This was the Supreme Court decision that dealt with the right to commit suicide. The Court ruled that the Attorney General of the United States could not use the federal Controlled Substances Act to prevent Oregon from passing a law that allows doctors to prescribe a fatal dose of drugs. It was ruled 6-3. Dissenting was Chief Justice Roberts, and Justices Scalia and Thomas.
It is important to understand that the case never dealt with a "right" to die. Rather it dealt with the issue of federalism, and when it is OK for the federal government to trump State law.
What is most interesting about this case is contained in Justice Thomas' dissent. He notes that in the previous decision dealing with the same federal statute trumping State's rights (California medical marijuana) the Court ruled the opposite way. What happened to Stare Decisis?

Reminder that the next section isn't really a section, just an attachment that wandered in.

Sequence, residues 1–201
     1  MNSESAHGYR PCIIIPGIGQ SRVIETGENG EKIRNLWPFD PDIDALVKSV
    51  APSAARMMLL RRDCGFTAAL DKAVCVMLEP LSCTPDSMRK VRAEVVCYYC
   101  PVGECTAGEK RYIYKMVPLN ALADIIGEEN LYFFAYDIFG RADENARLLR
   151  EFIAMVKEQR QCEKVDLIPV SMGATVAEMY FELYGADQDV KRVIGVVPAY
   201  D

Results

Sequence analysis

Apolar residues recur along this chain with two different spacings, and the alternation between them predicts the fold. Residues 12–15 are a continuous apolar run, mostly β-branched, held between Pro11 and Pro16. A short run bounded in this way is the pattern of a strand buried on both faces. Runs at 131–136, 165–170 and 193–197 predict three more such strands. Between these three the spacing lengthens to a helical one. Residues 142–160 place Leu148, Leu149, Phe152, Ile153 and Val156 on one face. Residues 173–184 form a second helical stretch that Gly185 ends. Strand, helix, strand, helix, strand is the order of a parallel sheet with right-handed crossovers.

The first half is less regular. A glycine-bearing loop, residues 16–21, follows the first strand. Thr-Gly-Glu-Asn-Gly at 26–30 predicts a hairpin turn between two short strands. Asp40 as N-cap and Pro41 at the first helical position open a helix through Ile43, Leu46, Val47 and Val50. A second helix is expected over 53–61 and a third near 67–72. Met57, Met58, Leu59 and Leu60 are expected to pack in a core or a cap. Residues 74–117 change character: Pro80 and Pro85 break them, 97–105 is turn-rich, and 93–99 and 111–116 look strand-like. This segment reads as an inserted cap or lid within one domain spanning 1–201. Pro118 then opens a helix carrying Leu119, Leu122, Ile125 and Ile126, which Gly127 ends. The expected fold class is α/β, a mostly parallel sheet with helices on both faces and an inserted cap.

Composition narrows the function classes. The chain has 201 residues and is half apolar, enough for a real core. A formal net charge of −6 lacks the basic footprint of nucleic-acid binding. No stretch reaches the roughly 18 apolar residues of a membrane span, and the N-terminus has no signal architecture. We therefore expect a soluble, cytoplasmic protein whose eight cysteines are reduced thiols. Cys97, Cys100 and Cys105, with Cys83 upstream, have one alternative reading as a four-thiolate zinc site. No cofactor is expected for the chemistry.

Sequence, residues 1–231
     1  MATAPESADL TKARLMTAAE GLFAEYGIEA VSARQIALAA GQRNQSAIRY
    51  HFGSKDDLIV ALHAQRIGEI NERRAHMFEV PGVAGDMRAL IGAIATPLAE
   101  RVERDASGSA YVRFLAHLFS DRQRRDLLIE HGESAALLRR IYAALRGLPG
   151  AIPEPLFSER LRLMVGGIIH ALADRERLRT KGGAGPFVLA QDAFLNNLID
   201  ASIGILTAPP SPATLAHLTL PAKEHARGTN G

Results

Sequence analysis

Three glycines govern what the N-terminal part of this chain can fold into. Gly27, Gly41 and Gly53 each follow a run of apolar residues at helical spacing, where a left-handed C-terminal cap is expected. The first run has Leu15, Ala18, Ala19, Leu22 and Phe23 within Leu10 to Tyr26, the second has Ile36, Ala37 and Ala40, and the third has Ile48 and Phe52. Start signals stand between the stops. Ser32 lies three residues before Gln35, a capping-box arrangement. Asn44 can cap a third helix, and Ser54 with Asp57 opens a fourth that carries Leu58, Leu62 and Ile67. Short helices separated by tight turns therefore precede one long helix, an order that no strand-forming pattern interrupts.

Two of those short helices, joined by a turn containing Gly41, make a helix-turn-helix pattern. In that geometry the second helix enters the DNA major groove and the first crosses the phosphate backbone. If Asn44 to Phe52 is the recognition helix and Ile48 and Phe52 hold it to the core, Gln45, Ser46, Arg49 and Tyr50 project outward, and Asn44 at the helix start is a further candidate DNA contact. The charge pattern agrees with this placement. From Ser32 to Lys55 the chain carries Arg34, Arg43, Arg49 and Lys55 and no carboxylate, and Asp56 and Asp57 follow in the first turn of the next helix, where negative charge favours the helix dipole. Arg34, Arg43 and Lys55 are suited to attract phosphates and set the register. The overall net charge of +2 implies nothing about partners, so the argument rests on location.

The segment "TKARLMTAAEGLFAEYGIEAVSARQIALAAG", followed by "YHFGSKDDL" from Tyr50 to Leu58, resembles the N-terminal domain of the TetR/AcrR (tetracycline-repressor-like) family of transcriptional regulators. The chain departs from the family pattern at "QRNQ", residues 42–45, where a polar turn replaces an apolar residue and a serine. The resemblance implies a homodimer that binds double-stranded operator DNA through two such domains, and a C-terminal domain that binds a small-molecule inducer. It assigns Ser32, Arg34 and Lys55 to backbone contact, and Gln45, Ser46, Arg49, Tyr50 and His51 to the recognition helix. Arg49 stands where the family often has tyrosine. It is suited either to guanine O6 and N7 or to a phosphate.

Why is it OK for the federal government to tell California that its doctors may not prescribe marijuana, but not OK for the federal government to tell Oregon that its doctors may not prescribe a fatal dose of barbituates? As far as Constitutional issues go, the cases are identical.
For the record I believe the Court ruled correctly in the Oregon case, and incorrectly in the California case.